In recent years there has been a dramatic increase in cyber-attacks on corporates, governments and international organisations. Arbitration proceedings are not immune from the threat of attack as previous incidents demonstrate.

The publication last year of a draft Cybersecurity Protocol for International Arbitration by the International Council for Commercial Arbitration, the International Institute for Conflict Prevention and Resolution (CPR) and the New York City Bar was an important step in raising awareness of cybersecurity risks and initiating a discussion within the arbitration community. The discussion has focussed on the sorts of measures that may be appropriate to protect documents and data against unauthorised access. However, there appears to remain a critical issue upon which consensus has not yet been found: the manner in which cybersecurity measures should be designed, implemented and enforced.

As a firm, BCLP wanted to contribute to the discussion and formulation of cybersecurity strategies by using our Annual Arbitration Survey to find out what arbitrators, corporate counsel, external lawyers, users of arbitration and those working at arbitral institutions thought about these and other related issues.

The full BCLP Arbitration Survey 2019 can be downloaded here and some of the key findings are summarised below.

 

Cybersecurity is an important (and real) issue

The results of this year’s survey confirm that the importance of cybersecurity is widely recognised. 90% of respondents said that it was an important issue in international arbitration, with 11% of respondents indicating that they had had experience of arbitral proceedings being subject to a cybersecurity breach. That more than 1 respondent out of 10 was involved in an arbitration where someone was able to obtain unauthorised access to electronic documents or other information in itself demonstrates the pressing need for cybersecurity measures to be put in place.

 

What measures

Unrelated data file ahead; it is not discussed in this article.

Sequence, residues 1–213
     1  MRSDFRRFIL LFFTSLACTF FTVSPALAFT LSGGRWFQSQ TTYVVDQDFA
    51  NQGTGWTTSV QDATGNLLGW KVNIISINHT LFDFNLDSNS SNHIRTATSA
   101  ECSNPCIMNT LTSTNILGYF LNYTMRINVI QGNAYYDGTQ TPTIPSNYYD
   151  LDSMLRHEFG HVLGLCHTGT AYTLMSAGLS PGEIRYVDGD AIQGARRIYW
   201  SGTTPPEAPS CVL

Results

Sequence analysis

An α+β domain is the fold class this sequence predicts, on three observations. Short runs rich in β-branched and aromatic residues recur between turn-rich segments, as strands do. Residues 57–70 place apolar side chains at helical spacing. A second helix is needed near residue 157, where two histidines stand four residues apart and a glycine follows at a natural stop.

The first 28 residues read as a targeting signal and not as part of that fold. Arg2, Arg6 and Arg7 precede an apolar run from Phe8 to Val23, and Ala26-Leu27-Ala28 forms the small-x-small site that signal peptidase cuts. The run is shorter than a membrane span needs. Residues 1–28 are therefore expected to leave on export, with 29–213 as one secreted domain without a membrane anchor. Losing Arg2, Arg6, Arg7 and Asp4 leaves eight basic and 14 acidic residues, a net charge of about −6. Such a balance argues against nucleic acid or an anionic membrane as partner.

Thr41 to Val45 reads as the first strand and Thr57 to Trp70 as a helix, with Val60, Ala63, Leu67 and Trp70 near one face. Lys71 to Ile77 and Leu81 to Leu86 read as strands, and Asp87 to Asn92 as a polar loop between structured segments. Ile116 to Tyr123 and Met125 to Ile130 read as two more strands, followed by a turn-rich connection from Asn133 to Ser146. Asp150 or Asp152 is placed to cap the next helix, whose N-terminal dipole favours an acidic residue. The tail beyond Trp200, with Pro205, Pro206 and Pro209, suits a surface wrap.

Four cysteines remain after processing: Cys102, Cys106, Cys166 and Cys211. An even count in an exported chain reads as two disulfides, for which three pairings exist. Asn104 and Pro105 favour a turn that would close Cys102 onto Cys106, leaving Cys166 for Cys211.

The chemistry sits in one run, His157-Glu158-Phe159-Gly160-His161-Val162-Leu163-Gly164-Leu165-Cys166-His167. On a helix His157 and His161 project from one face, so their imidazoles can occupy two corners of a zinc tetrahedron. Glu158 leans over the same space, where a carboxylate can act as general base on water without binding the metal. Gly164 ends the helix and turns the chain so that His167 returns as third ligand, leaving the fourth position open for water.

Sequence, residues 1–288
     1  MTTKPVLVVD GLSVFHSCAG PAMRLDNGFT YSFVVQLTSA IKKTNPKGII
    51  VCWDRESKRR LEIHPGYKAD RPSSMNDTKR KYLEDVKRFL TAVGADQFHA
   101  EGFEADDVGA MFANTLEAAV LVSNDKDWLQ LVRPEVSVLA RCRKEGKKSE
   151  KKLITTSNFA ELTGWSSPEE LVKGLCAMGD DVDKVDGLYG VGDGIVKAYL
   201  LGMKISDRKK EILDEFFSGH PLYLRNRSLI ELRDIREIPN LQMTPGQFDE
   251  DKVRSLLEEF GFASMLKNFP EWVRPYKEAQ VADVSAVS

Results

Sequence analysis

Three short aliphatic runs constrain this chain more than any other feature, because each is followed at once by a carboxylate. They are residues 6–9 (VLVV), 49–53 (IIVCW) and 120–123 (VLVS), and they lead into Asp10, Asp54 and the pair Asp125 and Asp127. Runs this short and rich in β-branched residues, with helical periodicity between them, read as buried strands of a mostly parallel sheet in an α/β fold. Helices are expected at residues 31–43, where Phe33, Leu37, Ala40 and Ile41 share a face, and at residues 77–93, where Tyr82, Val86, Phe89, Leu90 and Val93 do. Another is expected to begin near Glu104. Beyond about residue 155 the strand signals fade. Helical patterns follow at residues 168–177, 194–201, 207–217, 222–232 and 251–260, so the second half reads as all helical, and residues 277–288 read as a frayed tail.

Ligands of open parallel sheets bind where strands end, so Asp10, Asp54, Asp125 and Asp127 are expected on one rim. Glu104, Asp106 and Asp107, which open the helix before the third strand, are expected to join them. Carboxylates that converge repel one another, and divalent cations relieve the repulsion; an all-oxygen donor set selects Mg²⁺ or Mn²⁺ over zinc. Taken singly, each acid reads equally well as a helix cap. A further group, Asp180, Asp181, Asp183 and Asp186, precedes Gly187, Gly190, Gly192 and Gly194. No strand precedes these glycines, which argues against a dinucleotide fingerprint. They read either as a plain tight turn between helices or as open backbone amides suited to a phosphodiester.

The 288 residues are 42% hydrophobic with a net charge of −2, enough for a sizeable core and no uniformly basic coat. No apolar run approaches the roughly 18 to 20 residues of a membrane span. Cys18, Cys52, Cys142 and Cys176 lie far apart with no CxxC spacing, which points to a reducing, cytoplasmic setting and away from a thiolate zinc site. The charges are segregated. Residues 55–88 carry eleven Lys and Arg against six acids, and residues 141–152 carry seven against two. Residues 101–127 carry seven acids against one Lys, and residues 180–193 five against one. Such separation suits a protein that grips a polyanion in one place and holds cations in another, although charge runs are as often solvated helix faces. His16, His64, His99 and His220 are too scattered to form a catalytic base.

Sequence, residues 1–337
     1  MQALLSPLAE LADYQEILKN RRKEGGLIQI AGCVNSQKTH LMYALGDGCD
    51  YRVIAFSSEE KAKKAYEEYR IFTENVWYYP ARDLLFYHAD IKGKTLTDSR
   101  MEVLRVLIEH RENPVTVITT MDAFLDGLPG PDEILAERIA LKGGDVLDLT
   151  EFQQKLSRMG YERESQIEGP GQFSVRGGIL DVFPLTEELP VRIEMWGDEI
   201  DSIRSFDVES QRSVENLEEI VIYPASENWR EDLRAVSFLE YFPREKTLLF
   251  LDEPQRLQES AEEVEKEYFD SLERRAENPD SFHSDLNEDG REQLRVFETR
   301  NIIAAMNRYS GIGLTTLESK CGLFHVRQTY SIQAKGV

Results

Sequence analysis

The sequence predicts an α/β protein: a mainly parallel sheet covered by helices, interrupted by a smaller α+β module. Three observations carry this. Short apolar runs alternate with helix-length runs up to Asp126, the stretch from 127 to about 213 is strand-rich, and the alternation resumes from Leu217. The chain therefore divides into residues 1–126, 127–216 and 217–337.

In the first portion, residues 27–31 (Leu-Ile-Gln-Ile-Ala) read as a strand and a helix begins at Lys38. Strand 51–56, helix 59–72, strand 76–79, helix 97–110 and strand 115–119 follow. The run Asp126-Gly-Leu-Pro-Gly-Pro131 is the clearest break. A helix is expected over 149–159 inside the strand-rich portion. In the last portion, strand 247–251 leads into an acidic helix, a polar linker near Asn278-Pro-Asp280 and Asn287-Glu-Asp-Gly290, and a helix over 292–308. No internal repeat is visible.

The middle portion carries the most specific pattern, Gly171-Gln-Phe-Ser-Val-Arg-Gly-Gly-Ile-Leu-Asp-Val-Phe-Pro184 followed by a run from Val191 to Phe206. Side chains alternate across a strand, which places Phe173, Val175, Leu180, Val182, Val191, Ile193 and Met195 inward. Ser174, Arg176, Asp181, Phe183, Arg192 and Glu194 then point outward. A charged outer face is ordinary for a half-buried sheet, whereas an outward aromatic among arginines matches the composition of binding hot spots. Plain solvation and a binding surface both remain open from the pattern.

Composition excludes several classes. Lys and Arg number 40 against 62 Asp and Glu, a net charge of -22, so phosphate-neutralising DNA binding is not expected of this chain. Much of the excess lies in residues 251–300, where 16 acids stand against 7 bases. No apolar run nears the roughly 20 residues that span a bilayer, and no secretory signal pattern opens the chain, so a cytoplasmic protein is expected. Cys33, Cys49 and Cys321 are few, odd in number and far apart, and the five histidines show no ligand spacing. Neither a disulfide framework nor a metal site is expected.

The two factors regarded by the largest number of respondents as being relevant to a cybersecurity strategy were the level of sensitivity/commercial value of the documents to be used in an arbitration (94%) and the consequences for the parties if someone were to gain unauthorised access to the documents/information (78%). Other factors included the costs of implementing the proposed measures (70%) and the extent to which the proposed security measures may hinder the ability of a party to present its case (61%).

In nearly all cases the percentage of respondents who regarded a particular measure as desirable was significantly higher than the percentage of respondents who had seen the same measure in practice. 83% of respondents thought it desirable for electronic documents to be transferred by means of a secure shared portal, as opposed to 53% who had seen the measure adopted in practice. 50% of respondents thought participants in an arbitration should have in place appropriate firewalls and antispyware and/or antivirus software, as opposed to 12% who had seen the measure implemented in practice.

 

Who and when

The majority of respondents agreed that active engagement by all participants to an arbitration would be necessary in order for a cybersecurity strategy to be effective.  96% of respondents thought that the parties would need to actively engage with the process and 94% thought that the arbitrators would need to actively engage with the process. There was, however, a recognition that obtaining agreement from all participants to observe cyber security measures would not be straightforward. Only 56% of respondents thought that obtaining the agreement of the parties or the arbitrators to observe security measures would be very or relatively easy.

There was a large measure of consensus about the desirability of considering cybersecurity measures at an early stage of the proceedings but opinion was divided over who should take the lead on initiating discussions on cybersecurity issues. 48% thought the parties should take the lead, 31% thought the supervising arbitral institution (if any) should take the lead, and 21% thought it should be the tribunal. Among respondents who act as arbitrators, nearly half (48%) thought that the parties should take the lead in initiating discussion. This suggests that a significant proportion of arbitrators are reluctant to actively engage in the assessment of cybersecurity risks and the development of appropriate measures. Whilst arbitrators may have legitimate reasons for such a position, as reflected in the numbers referred to above, there may well be circumstances where parties may not be able to take a view or agree on appropriate cybersecurity measures.